Train Formation

The day to day working of the Caledonian Railway Company, including its constituents and successors.
caley739
Posts: 169
Joined: Sun Apr 28, 2013 6:59 am

Re: Train Formation

Post by caley739 »

Ian
The situation at Port Carlisle Branch Junction is quite complicated with the 1960s scene radically different from the early 20th century years. The layout must have been considerabley altered during WW2 when the second bridge for the goods lines over the River Eden was constructed. Prior that time there were no goods lines beteen Port Carlisle Branch Junction and Etterby Junction, only the up and down main.
Based on the OS of 1925 from the south there are up and down main, and up and down goods. The up and down goods go only to Willowholme Junction, but there is also a junction from up and down main towards Willowholme Jucnction, ie. four tracks towards Willowholme Junction where they converge to be double track. There is no connection between the goods lines and main lines at Port Carlisle Branch Junction, as there is apparently in our mystery photo. There is one short siding shown between the main lines and the Port Carlisle branch.
For these reasons I am not convinced that the location is Port Carlisle Branch Junction. There is also the signalling. It just does not seem right. I have several pre group era post cards, all of which show the bracket signal with a home and a distant arm.
Having said all of this I am not totally confident with the Germiston Junction idea. Other areas I have thought about include Carstairs,Whifflet,Mossend/Holytown,Rutherglen, but without any definite conclusions.
Tom

Addendum
Would Carlisle No 3 be the replacemnt for Port Carlsle Branch box?
IBrown
Posts: 330
Joined: Sun Feb 03, 2013 5:36 pm

Re: Train Formation

Post by IBrown »

Tom,

According to Alexander & Nicoll Port Carlisle Branch Junction was controlled by Carlisle No3 box from 14/3/1909. No3 was the Caldew Junction in the Accident Report, and sat just on the Carlisle side of the bridge over that River. It's just visible in the aerial photo. Perhaps the relaxation of the original BoT restriction on the maximum distance facing points could be placed from the controlling signal box allowed this box to take over.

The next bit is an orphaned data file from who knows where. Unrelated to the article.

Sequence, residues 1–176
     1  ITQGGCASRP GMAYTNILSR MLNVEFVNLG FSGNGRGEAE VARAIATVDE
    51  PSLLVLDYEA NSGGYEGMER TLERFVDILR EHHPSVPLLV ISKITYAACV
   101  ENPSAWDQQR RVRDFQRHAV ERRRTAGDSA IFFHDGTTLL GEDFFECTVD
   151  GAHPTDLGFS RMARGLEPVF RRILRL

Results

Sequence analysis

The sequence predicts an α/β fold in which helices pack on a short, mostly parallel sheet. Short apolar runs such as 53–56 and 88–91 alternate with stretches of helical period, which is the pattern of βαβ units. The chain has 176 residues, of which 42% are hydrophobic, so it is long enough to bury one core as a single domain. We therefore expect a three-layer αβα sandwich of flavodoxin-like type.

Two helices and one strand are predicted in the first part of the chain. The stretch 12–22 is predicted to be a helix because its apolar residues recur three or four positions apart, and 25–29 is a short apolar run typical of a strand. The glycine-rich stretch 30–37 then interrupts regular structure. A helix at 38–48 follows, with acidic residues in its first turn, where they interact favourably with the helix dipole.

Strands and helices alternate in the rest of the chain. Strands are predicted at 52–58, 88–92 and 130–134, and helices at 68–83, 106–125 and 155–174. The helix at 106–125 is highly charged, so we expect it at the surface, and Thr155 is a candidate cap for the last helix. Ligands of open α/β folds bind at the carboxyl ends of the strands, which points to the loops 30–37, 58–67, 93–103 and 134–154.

The presence in the OS Map of a siding on the far side of the Up branch line throws some doubt on what the junction layout was at that time. How would the siding have been worked without a connection with the Goods lines? Otherwise shunting it would have blocked both main lines.

Ian
Last edited by IBrown on Mon Apr 20, 2015 9:32 am, edited 1 time in total.
Brian Hayes
Posts: 60
Joined: Fri Nov 08, 2013 8:00 pm

Re: Train Formation

Post by Brian Hayes »

Ian,

Returning to the photograph, the siding in the foreground on the Canal Branch is a distant memory of mine, although I can find no accurate record of the siding in the Handbook of Stations 1912 edition. To me, this confirms the location of the original Port Carlisle Branch Jct.

Brian
caley739
Posts: 169
Joined: Sun Apr 28, 2013 6:59 am

Re: Train Formation

Post by caley739 »

I know this is a very old thread, but I have been browsing the Archive, Photographs, Locomotives section, where the thumbnail for this photo is (correctly I think) captioned as an up train at Shawfield, Glasgow. Collection Reference 29538, Index No 05055.
jim mac
Posts: 636
Joined: Mon Aug 13, 2012 7:20 pm

Re: Train Formation

Post by jim mac »

Since the illustrated catalogue of our photographic archive has been available on the website, there has been little evidence of how it is being used and how useful the members find it.
Any comments, suggestions, etc relating to this aspect of our Archive will be very welcome.

jim mac
jimwatt2mm
Posts: 685
Joined: Fri Nov 16, 2012 5:36 pm

Re: Train Formation

Post by jimwatt2mm »

I used it last night to find out whether 232 class 0-6-0ST's had lettering on their tanks as it is not clear on any of the photos I have. (Answer is they did!)

Jim W
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